Critics Say Jump From Age 16 Could Prove Costly And Lead To More Truancy
Grace E. Merritt
April 27, 2011
The legislature's appropriations committee Tuesday approved a controversial bill to increase the high school drop-out age to 18, starting July 1.
Proposed by Gov. Dannel P. Malloy, the bill is designed to keep students in school and prohibits them from withdrawing until they are 18, a change from the current drop-out age of 16.
Advocates say the higher age would make it more difficult for students to drop out and would help combat the so-call push out phenomenon, in which struggling students are persuaded to withdraw voluntarily and enroll in adult-education programs.
But opponents say the bill, while well-intentioned, would be costly and could lead to more truancy.
Under current law, high school students can withdraw from school at 16 as long as they have parental consent. A law passed in 2009 changes that to 17 years old as of July 1.
The bill, which now goes to the floor of the House and Senate, also requires school principals to notify the parents or guardians of students in danger of failing a course at least six weeks before the end of the course.
Rep. Andrew Fleischmann, D-West Hartford, who co-chairs the legislature's education committee, said both measures are good public policy. He said that Connecticut Constitution obligates the state to provide education to students through age 18.
Malloy proposed the change to help increase graduation rates in the state, giving students a better shot at improving their lives.
But David A. Downes, vice president of the Connecticut Association for Adult and Continuing Education, said the bill would be implemented so quickly that it would give school districts little time to prepare.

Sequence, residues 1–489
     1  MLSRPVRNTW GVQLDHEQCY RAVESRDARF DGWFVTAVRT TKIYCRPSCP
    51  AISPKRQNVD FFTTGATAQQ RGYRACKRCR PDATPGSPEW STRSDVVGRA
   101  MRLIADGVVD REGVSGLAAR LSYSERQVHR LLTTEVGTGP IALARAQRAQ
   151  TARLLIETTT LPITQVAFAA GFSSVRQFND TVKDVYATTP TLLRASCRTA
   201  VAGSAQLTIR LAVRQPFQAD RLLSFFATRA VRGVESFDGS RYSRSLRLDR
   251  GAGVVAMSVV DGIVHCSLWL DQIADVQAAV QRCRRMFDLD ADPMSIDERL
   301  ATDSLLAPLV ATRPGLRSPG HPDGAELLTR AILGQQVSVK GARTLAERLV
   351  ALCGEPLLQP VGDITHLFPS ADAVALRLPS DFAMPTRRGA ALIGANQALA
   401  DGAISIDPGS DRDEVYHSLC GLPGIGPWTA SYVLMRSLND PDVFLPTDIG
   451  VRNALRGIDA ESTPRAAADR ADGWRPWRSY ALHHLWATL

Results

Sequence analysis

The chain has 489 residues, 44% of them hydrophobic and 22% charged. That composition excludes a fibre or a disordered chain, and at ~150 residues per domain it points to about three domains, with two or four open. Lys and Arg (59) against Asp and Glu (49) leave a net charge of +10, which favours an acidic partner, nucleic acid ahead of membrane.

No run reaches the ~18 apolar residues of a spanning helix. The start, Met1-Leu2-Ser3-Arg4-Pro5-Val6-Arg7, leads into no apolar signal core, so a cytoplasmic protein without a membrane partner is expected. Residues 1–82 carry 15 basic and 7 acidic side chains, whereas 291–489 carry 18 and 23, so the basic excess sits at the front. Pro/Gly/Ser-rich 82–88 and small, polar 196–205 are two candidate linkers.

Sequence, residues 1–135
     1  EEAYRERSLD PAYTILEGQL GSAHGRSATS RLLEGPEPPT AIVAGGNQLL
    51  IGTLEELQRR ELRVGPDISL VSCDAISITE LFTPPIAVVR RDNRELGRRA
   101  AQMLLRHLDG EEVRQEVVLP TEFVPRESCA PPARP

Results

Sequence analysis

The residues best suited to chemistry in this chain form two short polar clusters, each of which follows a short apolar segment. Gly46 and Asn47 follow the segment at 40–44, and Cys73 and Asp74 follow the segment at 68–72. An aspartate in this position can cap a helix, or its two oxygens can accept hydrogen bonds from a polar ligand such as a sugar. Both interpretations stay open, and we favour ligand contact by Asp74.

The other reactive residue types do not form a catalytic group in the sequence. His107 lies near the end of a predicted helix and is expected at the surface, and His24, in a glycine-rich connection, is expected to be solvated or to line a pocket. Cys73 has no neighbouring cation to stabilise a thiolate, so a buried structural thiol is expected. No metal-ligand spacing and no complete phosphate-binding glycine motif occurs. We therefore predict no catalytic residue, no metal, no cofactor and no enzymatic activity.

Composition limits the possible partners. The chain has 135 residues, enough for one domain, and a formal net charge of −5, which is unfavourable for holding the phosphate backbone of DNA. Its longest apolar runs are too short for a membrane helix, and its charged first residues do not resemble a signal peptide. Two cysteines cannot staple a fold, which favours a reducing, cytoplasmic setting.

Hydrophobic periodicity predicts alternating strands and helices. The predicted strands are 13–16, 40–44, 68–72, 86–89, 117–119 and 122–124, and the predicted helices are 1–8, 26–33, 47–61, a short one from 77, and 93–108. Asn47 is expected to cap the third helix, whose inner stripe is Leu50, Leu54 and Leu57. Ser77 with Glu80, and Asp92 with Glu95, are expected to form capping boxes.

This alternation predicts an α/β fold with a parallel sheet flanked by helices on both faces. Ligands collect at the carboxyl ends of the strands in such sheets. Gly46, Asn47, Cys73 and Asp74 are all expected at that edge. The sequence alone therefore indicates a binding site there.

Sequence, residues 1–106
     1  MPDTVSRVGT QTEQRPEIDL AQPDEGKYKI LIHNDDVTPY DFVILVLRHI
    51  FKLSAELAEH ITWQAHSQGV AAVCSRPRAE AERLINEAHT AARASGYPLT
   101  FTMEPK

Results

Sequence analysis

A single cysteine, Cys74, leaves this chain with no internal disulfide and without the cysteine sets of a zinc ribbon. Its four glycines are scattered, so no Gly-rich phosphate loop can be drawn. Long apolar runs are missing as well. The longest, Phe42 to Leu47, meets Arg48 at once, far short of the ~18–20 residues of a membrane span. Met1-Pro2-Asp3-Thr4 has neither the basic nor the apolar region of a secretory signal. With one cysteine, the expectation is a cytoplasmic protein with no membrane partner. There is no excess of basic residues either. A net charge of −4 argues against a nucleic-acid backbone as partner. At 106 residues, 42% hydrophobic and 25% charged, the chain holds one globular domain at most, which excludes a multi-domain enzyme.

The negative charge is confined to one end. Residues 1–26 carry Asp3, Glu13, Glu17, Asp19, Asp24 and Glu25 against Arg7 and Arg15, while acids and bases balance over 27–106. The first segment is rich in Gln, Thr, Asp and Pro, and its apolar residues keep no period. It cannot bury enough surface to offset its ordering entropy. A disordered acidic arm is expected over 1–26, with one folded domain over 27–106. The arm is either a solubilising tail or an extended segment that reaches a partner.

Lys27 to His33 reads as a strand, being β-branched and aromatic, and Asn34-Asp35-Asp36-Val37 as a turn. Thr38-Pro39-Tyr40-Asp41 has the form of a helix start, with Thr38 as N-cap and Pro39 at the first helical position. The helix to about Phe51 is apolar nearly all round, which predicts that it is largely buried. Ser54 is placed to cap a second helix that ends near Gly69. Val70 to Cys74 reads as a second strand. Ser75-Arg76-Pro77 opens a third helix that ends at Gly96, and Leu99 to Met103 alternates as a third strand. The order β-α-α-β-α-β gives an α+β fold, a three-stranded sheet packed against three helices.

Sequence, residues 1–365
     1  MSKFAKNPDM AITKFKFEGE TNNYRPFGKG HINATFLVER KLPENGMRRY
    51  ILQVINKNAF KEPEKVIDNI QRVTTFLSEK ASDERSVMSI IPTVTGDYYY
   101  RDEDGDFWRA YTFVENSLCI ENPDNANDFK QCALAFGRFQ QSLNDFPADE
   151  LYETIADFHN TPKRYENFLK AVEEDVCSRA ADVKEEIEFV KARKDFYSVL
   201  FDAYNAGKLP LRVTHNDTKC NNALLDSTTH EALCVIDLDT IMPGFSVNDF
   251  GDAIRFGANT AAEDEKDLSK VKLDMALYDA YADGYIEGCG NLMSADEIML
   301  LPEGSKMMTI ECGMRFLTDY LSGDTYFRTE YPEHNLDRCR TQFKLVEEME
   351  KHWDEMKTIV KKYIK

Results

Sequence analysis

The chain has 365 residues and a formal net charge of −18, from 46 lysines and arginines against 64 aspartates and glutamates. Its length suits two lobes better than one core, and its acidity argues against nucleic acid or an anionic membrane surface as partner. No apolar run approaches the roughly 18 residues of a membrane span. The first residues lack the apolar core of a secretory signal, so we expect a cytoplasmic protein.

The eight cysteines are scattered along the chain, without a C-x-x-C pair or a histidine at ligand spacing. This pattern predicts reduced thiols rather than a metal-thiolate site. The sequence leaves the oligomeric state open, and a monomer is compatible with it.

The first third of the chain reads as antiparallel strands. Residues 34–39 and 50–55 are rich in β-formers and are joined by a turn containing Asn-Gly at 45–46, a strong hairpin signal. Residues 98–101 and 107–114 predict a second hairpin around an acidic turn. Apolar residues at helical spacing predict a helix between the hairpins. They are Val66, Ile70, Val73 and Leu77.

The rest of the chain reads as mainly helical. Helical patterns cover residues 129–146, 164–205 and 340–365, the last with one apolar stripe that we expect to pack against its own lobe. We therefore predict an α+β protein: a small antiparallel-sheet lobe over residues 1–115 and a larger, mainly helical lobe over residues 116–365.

"It kind of becomes an unfunded mandate because, for each of these kids, the school system has got to create something different for them if they're going to keep them in the school system," said Downes, who is director of adult education in West Hartford.
Some students drop out because of serious situations such as severe bullying or because they need to find a day job to help support their family. Adult education programs give these children the flexibility that regular school programs can't provide, Downes said.
Currently there are about 1,500 16- and 17-year-old dropouts in adult education programs in Connecticut, Downes said. If those students remained in school, it would cost municipalities about $20 million collectively, based on the average per-pupil cost of $13,500. By comparison, it costs about $450,000 to put the same 1,500 students through adult education credit diploma programs, Downes said.
Fleischmann disputed claims that the bill would be costly. He said the bill really just maintains "current law," which he says requires students to stay in school until they are 18.
"This just maintains the status quo, and there is no impact on any program," he said.
But Sen. Len Suzio, R-Meriden, said that Fleischmann's reasoning is misleading because current law requires students to stay in school only until they are 16.
After some pressing from Republicans, officials at the legislature's Office of Fiscal Analysis, which analyzes the financial impact of proposed legislation, said the bill "would preclude a potential marginal savings to local and regional school districts." This is because those school districts would have to educate additional students — those who otherwise would have dropped out.
Reprinted with permission of the Hartford Courant.
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